42. Vanessa Lloyd says:

    Trying to put up some cows that got out and save my husband from leaving a job site. Well got the cows put up and had to call him home anyway to get my truck out of the ditch I got stuck in trying to get up the cows.

  43. Sarah says:

    Funnest thing so far. . . oh my. . . it is a close tie between my husband wrestling our first turkeys and chasing cows around the yard. We had no idea turkeys knew how to box, it was like fighting a kangaroo. The biggest one got loose and he just had it by the neck in a death grip. He was ready to strangle that guy a day early. When we got our first cows they were going through some separation anxiety from their moms 1 mile down the road and busted out of the barn, and four 1000lb cows completely jumped over a 50″ cattle panel fence like an Olympic Equestrian event and another 3-strand barbed wire fence to join up with the neighbor’s herd only to find their mothers were not there. Took 3 hours (2 days later) to round them up in an open pasture and get them back into the barn. This time we kept them locked up for 2 weeks – long enough for them to be “bonded” to their new home. We are still “green” but learning all the time, and it is a humorous process.

  44. Dean Davidson says:

    The thing that strikes me as funny is when people tilt their heads to emphasis the puzzled looks on their faces when you inform them that you have retired from a perfectly good job to begin your quest to farm the land that has been waiting for you to devote your full attention too. They only see the work, the time and money spent, and the demands of stewardship and husbandry. I smile and chuckle to myself, they do not see or feel what I do when I walk the land, watch new seeded ground emerge or marvel at the birth of a new addition to the fold. They think I am burdened by the farm, and that is the funny part; I couldn’t be more liberated.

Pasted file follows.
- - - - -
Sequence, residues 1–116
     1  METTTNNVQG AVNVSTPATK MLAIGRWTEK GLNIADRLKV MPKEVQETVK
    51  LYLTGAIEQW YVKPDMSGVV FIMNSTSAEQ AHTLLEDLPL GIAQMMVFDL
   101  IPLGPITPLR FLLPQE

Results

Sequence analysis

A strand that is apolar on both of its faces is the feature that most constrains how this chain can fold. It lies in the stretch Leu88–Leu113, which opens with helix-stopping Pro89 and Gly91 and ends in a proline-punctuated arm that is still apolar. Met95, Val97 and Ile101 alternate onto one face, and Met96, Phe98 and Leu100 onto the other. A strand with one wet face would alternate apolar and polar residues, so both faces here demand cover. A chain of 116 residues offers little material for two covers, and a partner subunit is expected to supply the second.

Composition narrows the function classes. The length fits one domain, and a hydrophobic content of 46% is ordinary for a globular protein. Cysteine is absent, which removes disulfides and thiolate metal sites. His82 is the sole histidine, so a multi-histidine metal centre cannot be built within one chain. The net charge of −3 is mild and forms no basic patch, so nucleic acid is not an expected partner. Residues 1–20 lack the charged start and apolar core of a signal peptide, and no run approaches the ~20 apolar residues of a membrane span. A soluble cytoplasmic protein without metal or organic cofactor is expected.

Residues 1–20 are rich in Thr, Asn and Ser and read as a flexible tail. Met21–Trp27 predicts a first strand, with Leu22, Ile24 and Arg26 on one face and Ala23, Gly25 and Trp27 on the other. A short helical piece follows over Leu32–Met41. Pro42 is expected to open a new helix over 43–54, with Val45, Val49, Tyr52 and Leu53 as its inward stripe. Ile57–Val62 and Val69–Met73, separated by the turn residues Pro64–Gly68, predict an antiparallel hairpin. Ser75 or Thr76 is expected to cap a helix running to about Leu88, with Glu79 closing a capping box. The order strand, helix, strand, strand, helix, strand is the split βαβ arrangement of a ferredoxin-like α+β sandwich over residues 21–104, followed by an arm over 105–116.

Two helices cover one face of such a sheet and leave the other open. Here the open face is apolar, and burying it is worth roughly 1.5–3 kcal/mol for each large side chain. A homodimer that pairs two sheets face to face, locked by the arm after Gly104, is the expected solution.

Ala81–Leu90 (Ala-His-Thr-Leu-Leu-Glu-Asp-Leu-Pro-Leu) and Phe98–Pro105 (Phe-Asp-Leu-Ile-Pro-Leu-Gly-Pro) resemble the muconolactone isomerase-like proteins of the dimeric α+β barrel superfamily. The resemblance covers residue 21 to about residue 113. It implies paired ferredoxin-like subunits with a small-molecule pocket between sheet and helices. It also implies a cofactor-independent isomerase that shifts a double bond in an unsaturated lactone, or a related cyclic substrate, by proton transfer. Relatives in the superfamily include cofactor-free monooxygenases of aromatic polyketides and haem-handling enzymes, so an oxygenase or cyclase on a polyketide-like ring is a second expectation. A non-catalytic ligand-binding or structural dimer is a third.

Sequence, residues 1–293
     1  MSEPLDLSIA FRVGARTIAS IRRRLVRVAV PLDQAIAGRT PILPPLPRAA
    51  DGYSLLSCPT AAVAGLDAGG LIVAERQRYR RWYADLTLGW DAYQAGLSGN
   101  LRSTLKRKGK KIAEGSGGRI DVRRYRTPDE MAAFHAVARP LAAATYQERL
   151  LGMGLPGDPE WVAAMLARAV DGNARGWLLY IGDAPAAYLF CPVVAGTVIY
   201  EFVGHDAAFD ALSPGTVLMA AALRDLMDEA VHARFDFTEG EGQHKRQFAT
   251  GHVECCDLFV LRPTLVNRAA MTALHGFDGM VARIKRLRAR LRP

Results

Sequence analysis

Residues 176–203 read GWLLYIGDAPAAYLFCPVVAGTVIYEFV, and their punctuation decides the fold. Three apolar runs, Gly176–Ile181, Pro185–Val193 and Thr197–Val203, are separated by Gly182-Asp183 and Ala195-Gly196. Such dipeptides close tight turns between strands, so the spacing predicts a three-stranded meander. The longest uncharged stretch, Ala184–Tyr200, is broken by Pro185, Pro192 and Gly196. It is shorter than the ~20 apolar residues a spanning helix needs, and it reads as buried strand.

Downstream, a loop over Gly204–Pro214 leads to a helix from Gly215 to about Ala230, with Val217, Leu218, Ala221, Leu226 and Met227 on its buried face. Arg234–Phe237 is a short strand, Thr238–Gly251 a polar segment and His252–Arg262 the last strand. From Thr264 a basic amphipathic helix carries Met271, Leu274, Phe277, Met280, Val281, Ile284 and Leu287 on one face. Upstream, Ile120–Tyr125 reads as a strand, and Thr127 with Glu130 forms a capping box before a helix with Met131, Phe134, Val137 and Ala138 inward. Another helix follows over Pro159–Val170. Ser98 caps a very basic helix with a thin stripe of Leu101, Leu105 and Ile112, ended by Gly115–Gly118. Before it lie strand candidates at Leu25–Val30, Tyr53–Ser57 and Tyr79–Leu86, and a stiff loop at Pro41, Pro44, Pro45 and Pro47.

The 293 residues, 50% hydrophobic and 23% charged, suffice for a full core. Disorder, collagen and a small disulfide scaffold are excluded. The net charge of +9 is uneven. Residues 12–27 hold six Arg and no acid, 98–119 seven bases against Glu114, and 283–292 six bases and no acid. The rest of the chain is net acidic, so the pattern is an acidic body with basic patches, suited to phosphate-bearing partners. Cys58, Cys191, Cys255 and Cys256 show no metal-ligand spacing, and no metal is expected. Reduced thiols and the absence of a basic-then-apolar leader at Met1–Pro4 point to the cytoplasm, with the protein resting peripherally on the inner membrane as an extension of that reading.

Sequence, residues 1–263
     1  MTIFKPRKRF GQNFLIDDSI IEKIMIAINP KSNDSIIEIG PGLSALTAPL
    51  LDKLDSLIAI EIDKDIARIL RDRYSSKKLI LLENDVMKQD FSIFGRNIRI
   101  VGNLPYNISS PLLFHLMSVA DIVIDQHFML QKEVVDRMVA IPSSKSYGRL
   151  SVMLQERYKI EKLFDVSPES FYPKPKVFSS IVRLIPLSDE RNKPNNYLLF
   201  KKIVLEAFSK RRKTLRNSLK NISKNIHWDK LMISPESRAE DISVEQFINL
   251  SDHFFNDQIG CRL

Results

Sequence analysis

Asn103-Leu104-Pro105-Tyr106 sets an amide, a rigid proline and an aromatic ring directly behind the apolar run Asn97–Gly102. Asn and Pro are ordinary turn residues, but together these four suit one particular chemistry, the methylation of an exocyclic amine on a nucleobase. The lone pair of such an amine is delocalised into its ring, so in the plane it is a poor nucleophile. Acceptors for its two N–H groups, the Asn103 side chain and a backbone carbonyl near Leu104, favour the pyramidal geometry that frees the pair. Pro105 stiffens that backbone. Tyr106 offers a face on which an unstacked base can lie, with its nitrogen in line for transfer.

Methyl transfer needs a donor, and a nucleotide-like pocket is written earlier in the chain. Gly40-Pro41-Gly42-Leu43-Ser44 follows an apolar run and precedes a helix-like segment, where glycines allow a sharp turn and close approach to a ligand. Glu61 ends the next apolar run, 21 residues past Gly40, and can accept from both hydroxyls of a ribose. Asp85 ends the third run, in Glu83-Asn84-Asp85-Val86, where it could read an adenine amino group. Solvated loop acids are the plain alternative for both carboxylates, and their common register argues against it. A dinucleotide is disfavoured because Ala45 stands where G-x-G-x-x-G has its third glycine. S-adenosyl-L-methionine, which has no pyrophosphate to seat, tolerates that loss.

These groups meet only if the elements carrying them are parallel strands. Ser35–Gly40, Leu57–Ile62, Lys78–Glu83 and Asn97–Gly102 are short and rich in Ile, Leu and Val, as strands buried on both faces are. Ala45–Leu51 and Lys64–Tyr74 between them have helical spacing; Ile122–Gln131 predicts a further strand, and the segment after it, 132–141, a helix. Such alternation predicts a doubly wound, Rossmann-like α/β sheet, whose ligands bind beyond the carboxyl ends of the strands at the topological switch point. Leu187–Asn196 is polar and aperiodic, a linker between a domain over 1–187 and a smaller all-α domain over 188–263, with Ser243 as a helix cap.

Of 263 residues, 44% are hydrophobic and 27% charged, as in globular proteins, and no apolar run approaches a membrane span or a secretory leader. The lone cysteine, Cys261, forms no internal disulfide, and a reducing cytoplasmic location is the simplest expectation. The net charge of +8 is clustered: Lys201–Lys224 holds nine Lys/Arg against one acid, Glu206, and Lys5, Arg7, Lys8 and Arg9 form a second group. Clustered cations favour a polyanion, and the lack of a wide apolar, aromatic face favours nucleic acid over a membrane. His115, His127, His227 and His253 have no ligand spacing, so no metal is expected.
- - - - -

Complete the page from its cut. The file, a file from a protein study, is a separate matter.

45. Wendy cole says:

    One of the funniest things that happened on our farm is when our little girls get in with our baby pygmy goats and they jump up and try to eat their hair or jump on their shoulders.

  46. josh says:

    Funniest? Being awakened at midnight to find out why my dog is barking like crazy, then chasing a muskrat around the house with a hoe, at midnight, dressed in combat boots and my wife’s sleeveless teal vest with a fur-fringed hood. That’s nutso.

  47. Kris says:

    I don’t know if there has been one funniest thing. There have been many things ‘normal’ people would consider odd. . . like the time my hubby came to bed after dark one summer night and said “I just saw a coon go in the barn” Now I had recently lost a bunch of broiler chicks to a raccoon, so I immediately jumped out of bed, cute nightie with red hearts on it and all, grabbed the .22 and headed outside to get myself a chicken killing coon.

  48. Sarah E. says:

    I think the most surprising thing I learn this year on my farm was that grass can put weight on goats just as well as, if not better than, grain. I’ve been mob grazing my herd, and I can’t believe how filled out my does and kids are. 😀 It works!!!